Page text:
Farm Ireland

Monday 22 January 2018

Teagasc outlines plans to means-test college grants

Caitriona Murphy

Caitriona Murphy

Teagasc is to introduce means-tested maintenance grants for agricultural college students in 2012 as part of a raft of cost-cutting measures.

The new maintenance grant will replace the traditional system where students were automatically offered residential places at agricultural colleges.

Students who meet the means-testing criteria will be paid a maintenance grant similar to the Vocational Education Committee (VEC) grant.

With the grant money, students can decide to pay for residential accommodation at their college, use it for alternative accommodation or spend it on commuting from home.

Under the means-testing system, the threshold for the maintenance grant will be a total household income of €41,110, including net farm income as per Revenue returns and other income such as PAYE income from a spouse.

The €41,110 threshold will vary depending on the number of dependent children in each household.

Students from households that come under this threshold will receive a grant of around €3,120 for a 28-week college year (equivalent to the VEC rate), while students from households that exceed this threshold will not be eligible for the grant.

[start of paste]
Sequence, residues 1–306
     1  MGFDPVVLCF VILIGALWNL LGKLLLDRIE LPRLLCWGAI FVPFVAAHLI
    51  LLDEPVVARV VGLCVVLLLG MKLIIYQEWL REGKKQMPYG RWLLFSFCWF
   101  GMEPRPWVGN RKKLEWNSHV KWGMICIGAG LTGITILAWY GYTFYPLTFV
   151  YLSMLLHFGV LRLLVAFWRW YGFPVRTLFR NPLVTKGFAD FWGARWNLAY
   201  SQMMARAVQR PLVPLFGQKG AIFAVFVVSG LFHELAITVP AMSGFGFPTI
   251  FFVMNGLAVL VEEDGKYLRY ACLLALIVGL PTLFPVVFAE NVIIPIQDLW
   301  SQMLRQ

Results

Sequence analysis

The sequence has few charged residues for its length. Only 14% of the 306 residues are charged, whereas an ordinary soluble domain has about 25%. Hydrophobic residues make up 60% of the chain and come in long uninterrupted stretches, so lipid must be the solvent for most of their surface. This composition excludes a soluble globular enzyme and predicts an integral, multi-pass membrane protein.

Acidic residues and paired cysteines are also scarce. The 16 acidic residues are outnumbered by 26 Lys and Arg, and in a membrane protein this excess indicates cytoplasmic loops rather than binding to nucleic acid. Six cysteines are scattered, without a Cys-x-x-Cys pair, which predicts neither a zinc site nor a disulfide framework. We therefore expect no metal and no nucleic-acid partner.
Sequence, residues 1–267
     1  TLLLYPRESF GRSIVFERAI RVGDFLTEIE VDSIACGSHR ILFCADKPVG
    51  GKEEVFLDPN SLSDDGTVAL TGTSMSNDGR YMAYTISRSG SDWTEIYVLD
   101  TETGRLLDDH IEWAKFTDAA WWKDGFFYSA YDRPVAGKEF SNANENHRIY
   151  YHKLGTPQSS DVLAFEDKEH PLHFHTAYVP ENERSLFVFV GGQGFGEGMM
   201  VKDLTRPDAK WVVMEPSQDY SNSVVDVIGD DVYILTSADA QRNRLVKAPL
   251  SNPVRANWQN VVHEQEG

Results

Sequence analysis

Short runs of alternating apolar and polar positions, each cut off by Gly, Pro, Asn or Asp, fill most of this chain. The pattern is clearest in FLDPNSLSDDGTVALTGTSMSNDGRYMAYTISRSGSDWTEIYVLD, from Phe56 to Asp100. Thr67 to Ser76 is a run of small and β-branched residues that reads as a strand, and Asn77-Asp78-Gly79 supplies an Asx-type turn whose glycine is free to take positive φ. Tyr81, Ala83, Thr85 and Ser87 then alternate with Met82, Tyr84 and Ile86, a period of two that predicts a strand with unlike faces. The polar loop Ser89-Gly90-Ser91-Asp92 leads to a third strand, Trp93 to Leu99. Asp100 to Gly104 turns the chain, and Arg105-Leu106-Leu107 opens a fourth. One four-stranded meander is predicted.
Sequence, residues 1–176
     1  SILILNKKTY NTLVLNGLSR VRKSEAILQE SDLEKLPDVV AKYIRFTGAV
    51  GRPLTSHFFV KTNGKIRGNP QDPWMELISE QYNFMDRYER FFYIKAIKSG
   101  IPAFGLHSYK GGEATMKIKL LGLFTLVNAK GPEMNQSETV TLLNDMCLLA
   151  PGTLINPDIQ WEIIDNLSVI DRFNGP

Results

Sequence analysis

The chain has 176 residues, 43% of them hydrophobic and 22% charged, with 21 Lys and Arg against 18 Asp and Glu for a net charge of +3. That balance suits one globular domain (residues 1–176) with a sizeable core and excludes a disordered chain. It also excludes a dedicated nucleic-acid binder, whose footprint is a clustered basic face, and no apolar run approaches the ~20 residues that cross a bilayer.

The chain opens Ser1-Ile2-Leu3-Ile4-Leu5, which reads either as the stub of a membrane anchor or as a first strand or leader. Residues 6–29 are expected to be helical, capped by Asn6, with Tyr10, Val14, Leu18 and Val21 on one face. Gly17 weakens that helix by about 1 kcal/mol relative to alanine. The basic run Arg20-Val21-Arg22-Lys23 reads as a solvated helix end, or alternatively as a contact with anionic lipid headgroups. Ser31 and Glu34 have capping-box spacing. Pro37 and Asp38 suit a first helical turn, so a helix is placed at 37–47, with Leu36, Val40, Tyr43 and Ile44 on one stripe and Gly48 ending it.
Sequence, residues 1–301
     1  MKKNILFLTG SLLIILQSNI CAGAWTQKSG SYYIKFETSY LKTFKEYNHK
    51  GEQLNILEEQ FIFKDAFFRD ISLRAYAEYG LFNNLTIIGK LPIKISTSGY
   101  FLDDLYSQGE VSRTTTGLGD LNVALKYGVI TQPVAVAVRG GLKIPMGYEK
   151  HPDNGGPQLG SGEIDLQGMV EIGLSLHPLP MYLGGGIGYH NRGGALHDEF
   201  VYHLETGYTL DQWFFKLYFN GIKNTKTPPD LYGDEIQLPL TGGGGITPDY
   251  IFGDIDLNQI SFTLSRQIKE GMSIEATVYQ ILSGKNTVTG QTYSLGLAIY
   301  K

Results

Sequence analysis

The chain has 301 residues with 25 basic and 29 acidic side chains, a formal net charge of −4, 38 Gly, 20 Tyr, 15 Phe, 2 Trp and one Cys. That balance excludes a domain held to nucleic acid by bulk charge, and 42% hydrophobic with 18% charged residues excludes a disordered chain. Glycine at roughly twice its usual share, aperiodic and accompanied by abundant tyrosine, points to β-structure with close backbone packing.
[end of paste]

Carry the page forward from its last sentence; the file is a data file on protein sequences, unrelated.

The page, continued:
The grant will be paid based on a weekly rate of approximately €111.43.

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The grant for college courses of different durations will be adjusted accordingly.

For students living within a 45km radius of the college, a smaller grant will apply. This grant, known as the adjacent rate, will be €44.64 per week.

Grant application forms will be sent to students with their offers of a college place from July 2012 onwards.

This year, residential accommodation was offered at Gurteen, Kildalton, Ballyhaise and Pallaskenry colleges. Residential accommodation has already been phased out of the colleges at the Botanic Gardens, Clonakilty and Mountbellew.

Other measures being adopted by Teagasc include the outsourcing of catering at Kildalton and Ballyhaise colleges. The canteen facilities at these colleges will be run by outside commercial interests from September 2012.

Both the residential and canteen changes are a result of retirement and redundancy schemes offered to Teagasc domestic, farm, administration and technical staff. The schemes were aimed at reducing Teagasc's non-teaching college staff, in line with the Government requirements to reduce staff.

Paddy Browne, Teagasc's head of education, said the move was a fundamental shift away from the traditional model of agricultural education which was based around residential college.

"This brings our colleges into line with the broader higher education system," he said. "Students who qualify for the grant can now make their own decisions on commuting, accommodation and food."

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